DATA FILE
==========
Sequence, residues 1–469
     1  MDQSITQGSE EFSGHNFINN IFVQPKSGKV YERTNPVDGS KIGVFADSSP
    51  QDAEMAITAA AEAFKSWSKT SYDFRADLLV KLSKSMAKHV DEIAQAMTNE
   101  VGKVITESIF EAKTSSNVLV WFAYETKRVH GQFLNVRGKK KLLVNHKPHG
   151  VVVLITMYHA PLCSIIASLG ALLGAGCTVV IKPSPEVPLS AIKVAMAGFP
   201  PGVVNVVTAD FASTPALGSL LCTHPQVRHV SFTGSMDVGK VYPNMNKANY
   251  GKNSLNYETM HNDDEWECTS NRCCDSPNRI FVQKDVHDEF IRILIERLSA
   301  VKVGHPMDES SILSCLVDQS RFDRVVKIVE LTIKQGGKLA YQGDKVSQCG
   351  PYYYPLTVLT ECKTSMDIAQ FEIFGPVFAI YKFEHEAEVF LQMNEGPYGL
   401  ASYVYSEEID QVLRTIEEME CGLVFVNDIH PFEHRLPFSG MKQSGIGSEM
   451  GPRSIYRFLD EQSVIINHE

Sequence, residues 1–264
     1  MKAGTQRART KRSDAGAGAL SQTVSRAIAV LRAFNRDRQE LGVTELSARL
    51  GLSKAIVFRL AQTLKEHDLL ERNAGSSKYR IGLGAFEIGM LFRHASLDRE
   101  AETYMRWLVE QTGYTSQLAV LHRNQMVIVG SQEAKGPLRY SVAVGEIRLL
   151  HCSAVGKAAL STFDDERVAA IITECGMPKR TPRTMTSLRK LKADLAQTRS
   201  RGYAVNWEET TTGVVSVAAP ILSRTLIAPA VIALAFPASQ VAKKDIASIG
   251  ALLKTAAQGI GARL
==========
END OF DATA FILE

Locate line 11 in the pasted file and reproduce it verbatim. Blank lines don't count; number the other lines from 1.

   451  GPRSIYRFLD EQSVIINHE